14 hurt as Thai Airway plane skids off runway in Bangkok

BANGKOK, Sept 09, 2013 - A Thai Airways plane skidded off the runway in Bangkok after the landing gear malfunctioned, slightly injuring more than a dozen passengers as they evacuated the jet, the airline said Monday.

The Airbus A330-300 was seen resting on grass next to the runway at Bangkok's Suvarnabhumi Airport with its evacuation slides still deployed and the Thai Airways name and logo hastily covered up.

A spokeswoman for the airline said concealing the name and logo after an accident was a measure previously agreed by members of the Star Alliance international network of airlines.

The carrier said 288 passengers and 14 crew members were on board the flight from Guangzhou in southern China when it suffered a landing problem late on Sunday.

"Sparks were noticed from the vicinity of the right landing gear near the engine; the matter is under investigation," the airline said in a statement.

"The captain took control of the aircraft until it came to a complete stop and passengers were evacuated from the aircraft emergency exits. The operation was conducted by the captain and cabin crew strictly according to emergency procedures."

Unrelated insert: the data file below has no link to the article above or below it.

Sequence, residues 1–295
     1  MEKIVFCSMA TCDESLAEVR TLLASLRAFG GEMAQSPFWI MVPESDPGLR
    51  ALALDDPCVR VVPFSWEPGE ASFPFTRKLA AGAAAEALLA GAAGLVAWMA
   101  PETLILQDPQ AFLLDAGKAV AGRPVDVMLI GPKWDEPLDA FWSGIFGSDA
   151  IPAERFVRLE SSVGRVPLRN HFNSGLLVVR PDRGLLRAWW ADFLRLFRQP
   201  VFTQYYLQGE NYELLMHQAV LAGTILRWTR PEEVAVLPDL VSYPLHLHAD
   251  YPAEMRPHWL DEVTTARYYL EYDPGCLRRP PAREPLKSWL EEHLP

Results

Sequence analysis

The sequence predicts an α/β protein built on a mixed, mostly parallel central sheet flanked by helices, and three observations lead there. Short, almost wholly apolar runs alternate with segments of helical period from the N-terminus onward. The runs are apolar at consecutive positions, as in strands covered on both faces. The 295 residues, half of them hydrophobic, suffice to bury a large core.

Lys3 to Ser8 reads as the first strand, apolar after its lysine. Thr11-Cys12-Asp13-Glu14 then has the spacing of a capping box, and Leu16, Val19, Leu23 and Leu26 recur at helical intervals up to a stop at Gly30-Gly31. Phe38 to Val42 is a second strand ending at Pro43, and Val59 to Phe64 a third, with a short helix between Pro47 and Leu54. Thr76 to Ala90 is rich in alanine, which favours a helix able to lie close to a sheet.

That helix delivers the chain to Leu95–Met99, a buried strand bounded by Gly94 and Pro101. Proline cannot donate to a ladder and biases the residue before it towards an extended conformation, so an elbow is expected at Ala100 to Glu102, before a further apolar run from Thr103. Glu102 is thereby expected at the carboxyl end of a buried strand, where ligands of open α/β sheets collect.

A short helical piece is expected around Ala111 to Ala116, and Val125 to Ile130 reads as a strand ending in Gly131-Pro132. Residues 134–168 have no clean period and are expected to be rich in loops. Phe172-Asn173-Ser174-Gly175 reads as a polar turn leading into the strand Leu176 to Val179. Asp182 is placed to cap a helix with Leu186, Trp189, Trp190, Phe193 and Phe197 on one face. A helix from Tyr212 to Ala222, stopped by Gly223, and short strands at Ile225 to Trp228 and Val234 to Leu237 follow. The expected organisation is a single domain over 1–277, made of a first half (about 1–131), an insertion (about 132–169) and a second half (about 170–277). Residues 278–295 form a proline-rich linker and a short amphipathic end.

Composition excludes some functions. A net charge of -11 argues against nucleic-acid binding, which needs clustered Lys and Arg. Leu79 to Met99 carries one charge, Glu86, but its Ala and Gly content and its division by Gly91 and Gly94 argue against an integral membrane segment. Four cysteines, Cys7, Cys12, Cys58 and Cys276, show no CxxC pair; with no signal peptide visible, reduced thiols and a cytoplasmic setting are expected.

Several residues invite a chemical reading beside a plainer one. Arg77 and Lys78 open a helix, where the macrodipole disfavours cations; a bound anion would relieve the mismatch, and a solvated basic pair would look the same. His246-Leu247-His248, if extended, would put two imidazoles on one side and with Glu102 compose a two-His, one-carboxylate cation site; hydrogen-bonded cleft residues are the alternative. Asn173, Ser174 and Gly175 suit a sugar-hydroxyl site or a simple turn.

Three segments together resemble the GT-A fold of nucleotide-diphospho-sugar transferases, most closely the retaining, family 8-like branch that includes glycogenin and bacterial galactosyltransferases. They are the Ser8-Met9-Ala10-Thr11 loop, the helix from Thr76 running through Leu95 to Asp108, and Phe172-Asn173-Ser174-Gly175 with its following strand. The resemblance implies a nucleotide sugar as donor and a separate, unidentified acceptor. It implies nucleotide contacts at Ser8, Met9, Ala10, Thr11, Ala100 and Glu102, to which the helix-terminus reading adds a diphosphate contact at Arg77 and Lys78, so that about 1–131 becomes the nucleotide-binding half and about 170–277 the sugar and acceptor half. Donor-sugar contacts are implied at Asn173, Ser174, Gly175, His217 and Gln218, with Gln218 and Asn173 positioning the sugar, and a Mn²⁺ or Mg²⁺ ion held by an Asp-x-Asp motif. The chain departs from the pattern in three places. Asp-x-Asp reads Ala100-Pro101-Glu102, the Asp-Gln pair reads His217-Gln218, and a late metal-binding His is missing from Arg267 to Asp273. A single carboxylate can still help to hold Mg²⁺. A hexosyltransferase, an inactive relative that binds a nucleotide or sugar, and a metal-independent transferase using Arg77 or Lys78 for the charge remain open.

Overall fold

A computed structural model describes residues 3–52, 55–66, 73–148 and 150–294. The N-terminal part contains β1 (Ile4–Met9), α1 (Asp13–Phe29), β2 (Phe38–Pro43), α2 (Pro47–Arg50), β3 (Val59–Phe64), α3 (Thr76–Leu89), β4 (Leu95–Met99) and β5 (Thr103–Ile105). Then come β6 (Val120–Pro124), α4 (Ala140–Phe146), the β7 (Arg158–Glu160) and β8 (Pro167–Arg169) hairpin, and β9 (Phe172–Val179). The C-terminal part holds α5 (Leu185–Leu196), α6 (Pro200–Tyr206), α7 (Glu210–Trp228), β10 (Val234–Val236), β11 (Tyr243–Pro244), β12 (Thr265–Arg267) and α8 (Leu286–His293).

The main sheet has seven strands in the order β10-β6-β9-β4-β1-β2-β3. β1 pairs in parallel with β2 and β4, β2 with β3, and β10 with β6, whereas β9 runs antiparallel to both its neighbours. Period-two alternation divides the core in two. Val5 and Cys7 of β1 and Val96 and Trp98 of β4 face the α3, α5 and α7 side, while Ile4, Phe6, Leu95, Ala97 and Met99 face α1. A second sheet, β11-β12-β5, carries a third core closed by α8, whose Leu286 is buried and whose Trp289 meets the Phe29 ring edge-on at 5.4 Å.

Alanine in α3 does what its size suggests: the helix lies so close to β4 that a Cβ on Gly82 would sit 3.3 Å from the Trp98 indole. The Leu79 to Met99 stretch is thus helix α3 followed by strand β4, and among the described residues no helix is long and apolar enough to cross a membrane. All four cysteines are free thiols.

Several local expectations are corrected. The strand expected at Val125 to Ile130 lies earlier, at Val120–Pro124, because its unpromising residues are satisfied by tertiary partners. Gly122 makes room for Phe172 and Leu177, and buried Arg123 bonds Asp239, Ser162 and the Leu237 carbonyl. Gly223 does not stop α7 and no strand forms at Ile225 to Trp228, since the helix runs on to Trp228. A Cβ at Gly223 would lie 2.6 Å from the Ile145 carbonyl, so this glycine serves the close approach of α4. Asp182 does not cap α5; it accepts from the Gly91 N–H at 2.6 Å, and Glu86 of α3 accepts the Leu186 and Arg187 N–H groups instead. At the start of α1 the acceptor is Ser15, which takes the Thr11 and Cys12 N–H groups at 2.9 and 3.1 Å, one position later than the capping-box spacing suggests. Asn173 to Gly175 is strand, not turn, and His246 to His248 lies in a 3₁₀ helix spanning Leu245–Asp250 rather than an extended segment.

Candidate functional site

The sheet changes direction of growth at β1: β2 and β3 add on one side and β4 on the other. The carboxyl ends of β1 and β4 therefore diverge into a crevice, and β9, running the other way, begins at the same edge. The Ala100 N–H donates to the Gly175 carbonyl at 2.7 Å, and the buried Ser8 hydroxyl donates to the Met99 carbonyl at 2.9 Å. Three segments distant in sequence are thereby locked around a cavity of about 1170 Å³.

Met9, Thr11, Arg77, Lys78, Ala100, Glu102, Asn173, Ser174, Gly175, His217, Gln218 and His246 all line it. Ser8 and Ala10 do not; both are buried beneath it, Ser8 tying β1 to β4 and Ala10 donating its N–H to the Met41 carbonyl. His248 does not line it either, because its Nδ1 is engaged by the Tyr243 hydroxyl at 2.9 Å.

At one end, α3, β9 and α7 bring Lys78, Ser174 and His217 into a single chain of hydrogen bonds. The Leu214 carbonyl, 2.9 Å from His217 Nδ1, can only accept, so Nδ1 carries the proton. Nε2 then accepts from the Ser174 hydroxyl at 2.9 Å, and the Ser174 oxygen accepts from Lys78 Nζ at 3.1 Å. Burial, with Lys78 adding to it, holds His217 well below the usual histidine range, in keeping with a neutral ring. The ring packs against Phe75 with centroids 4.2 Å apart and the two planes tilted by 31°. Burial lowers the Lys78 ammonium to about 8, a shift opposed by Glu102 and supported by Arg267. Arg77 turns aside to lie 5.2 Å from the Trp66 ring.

About 14 people were slightly injured when they escaped down the emergency slides, Thai Airways president Sorajak Kasemsuvan told local television.

"They were sent to hospital but most of them received treatment and were discharged," he added.

The incident forced the closure of one of two runways at Bangkok's main international gateway, causing delays of about 15 minutes for inbound flights and 30 minutes for departing flights, according to air traffic controllers.

The airline said it would take about 24 hours to remove the aircraft.

Airbus said in a statement that it had sent a team of experts to support the investigation into the cause of the incident.

It comes just over a week after dozens of passengers and crew were injured when a Thai Airways A380 superjumbo hit severe turbulence during a flight from Bangkok to Hong Kong.